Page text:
Sam Hornish Jr. and Jacques Villeneuve, both former IRL and Indy 500 champs, are looking to qualify this weekend; Hornish for Penske Racing South, Villeneuve for Bill Davis Racing. Not to be outdone, Ray Evernham will place Patrick Carpentier, the 1997 CART Rookie of the Year, in the No. 10 Valvoline Dodge in 2008.
Of the bunch, I think Franchitti will wield the greatest marketing power, though nowhere near Patrick. He had an amazing 2007 in IndyCar, brings a very likable personality, and – let’s not mince words here – he’s married to Ashley Judd. As Villeneuve and Carpentier might say, “Oh, la la!”
And to whom I will once again say, “Go ‘Cats!” (Judd graduated from Kentucky in 1990). I’m the class of ’98, baby, and check out their college football team: No. 8 in the nation. Not only that, but sunny days lie ahead with Billy Clyde on the hardwood this winter.
Q: After all the controversy that has ensued after Greg Biffle‘s Kansas win, I would like to know what the rulebook states on the lead car not making it back to the line first under caution on the last lap. Or is there even a rule written for this? It is hard for me to accept a win when the car that is declared the winner did not even cross the start/finish line first! – Angela_004
A: Well, NASCAR is not in the habit of handing out rulebooks (because as the old joke goes, it’s written in pencil), but I was able to get this rule, at least the closest rule that would cover the scenario. For cautions, it states:
“, cars will be scored on the basis of their respective track position. No passing will be permitted, as long as cars maintain a reasonable speed considering the conditions that exist on the track. The determination of respective track position and a reasonable speed are judgment calls that will be made by NASCAR Officials.”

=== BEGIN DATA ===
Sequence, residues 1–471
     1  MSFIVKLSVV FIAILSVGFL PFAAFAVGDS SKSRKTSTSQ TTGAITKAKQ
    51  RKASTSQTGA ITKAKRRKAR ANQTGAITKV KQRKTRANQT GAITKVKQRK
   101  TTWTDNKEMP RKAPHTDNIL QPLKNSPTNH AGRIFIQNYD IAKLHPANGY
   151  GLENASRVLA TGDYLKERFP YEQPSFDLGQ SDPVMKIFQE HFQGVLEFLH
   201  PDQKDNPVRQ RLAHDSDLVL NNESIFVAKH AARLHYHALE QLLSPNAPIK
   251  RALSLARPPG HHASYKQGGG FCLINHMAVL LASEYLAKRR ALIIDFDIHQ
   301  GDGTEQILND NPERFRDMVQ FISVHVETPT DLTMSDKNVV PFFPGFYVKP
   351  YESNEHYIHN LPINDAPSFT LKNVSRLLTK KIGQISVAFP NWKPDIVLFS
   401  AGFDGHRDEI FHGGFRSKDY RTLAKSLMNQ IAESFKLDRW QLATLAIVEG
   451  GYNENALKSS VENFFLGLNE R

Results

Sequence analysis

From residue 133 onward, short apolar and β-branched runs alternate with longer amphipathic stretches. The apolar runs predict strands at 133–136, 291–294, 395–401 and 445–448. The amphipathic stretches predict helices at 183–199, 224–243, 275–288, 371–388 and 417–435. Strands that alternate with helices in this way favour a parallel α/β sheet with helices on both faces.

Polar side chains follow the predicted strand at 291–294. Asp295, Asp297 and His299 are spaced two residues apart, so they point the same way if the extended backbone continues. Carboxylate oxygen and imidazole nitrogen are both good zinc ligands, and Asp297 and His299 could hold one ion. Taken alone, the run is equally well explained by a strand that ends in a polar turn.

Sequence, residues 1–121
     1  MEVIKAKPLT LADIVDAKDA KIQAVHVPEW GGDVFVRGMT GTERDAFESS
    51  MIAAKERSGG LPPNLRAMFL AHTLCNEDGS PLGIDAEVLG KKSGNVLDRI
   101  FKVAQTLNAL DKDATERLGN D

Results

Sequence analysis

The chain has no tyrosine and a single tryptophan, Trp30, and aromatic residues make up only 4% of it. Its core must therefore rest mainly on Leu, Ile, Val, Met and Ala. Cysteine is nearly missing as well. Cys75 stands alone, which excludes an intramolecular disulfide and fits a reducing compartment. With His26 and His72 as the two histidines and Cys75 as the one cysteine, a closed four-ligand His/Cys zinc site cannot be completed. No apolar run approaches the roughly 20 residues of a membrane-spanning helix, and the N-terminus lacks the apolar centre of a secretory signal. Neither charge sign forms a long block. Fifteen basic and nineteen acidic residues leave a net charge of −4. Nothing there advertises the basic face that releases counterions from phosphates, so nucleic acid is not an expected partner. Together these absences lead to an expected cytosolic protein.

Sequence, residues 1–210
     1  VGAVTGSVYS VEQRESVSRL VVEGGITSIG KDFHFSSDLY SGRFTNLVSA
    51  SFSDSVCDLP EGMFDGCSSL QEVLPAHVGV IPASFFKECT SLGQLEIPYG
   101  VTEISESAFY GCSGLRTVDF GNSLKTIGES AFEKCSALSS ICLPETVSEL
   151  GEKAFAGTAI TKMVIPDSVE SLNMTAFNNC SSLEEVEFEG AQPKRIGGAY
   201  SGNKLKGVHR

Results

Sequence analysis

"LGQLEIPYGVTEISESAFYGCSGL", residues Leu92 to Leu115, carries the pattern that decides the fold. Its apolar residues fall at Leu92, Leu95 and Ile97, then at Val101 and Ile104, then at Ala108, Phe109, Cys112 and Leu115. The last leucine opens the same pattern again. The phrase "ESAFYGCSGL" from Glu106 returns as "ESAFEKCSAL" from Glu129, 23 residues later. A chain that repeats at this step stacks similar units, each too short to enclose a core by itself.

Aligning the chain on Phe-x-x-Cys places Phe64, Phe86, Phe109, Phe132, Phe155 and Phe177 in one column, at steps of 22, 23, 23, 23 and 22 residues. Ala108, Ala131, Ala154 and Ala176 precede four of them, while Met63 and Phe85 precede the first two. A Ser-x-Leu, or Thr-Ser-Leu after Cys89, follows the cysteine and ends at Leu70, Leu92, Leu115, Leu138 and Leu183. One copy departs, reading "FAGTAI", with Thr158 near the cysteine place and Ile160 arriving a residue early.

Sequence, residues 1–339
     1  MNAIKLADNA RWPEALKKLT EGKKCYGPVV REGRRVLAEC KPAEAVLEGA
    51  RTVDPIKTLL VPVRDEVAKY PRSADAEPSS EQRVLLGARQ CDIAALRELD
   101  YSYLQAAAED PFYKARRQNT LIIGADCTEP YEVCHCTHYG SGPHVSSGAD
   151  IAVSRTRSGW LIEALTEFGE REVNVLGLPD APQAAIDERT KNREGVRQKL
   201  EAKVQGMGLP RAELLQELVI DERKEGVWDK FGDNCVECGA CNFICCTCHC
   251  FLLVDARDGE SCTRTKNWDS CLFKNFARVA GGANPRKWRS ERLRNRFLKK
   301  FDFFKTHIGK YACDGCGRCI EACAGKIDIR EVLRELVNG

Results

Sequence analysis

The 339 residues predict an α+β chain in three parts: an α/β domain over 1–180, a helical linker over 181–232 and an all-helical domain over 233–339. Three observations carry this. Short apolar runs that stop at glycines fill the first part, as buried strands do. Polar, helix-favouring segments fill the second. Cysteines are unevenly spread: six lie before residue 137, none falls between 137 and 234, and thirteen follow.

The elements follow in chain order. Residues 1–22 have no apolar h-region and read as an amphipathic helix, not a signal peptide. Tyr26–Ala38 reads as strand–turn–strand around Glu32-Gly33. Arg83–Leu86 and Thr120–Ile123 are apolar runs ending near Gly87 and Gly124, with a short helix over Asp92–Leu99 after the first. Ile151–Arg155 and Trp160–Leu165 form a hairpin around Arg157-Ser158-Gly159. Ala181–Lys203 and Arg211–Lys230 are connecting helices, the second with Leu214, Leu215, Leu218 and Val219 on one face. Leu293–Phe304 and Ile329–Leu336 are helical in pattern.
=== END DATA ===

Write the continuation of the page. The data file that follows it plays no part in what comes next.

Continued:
Get that last part? Reasonable speed (is a) judgment call that will be made by NASCAR Officials.
That’s important, because after the infamous Robby Gordon/Marcos Ambrose fiasco at the Montreal Busch Series race earlier this season, NASCAR’s version of the White House Press Secretary, Ramsey Poston, was quoted as saying, “When a caution flag waves, all cars must maintain a cautious speed. A car will no longer be scored when it cannot blend back into the continuous line.”
Seems to me Biffle, frozen field or not, should not have been scored the leader because he could not maintain a cautious speed. Simple as that. But as the rulebook states, it was NASCAR’s judgment and they made their call.
The wrong call, in my opinion.
Enjoy Talladega this week, folks. Whether you love restrictor plates or not, you can’t tell me you won’t be on the edge of your seat all afternoon.
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The Frontstretch Staff is made up of a group of talented men and women spread out all over the United States and Canada. Residing in 15 states throughout the country, plus Ontario, and widely ranging in age, the staff showcases a wide variety of diverse opinions that will keep you coming back for more week in and week out.